“Many colleges around the world applied to be part of this program,” said Ingrad Smith, associate dean of the College of Education. “This is going to help our graduates to be better prepared for the real life classroom.”
The SimSchool Modules Project is funded by Next Generation Learning Challenges, a collaborative, multi-year grant program aimed at dramatically increasing college readiness and completion through applied technology. As a Level 3 simSchool partner, which is the highest level offered in the program, the College of Education and Human Development receives 600 licenses, along with 15 months of free online access to simSchool activities and unlimited copies of research and learning materials on the American Association for Colleges for Teacher Education web site, as well as the opportunity to author and edit peer-reviewed research journal special editions.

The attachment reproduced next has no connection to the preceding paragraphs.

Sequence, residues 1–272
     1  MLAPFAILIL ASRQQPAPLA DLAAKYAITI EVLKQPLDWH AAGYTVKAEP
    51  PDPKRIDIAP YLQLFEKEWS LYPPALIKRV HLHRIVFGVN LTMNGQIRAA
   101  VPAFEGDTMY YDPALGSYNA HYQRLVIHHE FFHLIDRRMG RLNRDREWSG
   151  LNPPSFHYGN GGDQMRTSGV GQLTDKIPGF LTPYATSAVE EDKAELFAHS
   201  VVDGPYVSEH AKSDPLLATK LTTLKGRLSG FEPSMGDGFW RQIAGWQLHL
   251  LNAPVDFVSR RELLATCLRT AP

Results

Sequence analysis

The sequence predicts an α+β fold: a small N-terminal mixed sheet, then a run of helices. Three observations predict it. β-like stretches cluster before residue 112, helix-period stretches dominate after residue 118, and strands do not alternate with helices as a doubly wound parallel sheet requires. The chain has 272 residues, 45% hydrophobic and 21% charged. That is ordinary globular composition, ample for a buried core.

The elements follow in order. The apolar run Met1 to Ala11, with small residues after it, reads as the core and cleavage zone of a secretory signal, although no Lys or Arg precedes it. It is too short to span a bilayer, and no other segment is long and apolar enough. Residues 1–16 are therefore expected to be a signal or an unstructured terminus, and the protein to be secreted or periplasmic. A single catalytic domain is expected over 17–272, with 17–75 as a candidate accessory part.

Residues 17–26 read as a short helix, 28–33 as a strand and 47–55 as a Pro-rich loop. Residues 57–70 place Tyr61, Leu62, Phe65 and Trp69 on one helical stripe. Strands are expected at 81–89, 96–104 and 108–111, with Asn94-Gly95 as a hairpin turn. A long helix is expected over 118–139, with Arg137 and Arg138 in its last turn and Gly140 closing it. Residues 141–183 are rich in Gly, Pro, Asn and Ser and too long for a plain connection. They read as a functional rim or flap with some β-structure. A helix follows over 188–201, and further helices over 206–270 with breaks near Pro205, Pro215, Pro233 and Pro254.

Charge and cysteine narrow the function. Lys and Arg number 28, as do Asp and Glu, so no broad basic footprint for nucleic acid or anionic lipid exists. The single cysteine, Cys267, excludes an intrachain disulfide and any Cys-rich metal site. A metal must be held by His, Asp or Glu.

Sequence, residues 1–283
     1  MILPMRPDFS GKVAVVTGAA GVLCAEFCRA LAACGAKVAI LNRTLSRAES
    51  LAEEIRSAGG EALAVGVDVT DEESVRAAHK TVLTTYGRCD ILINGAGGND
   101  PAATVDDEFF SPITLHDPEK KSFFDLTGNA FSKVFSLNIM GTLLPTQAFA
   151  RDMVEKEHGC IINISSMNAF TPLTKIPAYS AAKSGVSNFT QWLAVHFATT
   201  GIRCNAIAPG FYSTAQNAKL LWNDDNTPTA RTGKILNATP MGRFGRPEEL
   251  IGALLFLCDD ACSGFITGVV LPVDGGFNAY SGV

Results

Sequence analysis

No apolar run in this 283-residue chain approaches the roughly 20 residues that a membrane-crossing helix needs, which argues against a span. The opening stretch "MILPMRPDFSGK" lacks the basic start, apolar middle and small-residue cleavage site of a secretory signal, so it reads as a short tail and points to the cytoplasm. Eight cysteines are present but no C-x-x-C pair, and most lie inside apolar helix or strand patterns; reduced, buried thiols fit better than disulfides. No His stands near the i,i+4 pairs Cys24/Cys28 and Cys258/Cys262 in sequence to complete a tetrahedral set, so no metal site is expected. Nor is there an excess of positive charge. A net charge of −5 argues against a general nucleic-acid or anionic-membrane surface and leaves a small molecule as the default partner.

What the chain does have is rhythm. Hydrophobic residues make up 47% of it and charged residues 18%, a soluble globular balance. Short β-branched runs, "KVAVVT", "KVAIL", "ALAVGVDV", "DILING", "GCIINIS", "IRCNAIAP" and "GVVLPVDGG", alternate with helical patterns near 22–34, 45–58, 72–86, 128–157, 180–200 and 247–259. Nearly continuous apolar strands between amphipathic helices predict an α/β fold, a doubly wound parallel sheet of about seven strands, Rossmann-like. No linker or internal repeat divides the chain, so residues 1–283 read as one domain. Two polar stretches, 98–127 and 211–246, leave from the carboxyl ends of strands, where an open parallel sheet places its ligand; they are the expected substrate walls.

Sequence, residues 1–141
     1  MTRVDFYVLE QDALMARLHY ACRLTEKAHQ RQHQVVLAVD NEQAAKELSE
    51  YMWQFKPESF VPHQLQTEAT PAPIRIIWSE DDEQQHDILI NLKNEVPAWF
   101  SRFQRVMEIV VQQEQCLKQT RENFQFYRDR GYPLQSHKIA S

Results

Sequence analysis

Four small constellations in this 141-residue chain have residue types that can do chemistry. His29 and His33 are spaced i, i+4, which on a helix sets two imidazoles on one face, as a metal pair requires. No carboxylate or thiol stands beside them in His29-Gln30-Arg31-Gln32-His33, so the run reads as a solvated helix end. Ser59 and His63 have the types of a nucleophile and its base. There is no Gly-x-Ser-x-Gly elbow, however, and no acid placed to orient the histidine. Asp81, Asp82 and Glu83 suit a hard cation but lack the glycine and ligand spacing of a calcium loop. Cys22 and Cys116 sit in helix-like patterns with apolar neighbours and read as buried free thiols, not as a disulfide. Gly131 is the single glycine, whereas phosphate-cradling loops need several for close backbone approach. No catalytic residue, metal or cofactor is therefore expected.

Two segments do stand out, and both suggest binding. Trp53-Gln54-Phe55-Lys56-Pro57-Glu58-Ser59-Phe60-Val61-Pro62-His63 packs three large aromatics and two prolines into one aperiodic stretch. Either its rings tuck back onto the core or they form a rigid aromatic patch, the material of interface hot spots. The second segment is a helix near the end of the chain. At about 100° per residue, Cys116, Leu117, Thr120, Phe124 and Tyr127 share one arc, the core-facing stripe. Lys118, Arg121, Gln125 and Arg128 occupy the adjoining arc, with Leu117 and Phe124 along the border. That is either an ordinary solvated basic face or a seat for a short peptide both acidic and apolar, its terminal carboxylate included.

Furthermore, the partnership allows College of Education professors to undertake collaborative research to contribute to national publications. This research will provide the venue for the development of quarterly reports and summary documents of partnership activities.
“The intended result of this program for us is that our students be better qualified to go out into the field,” Smith said.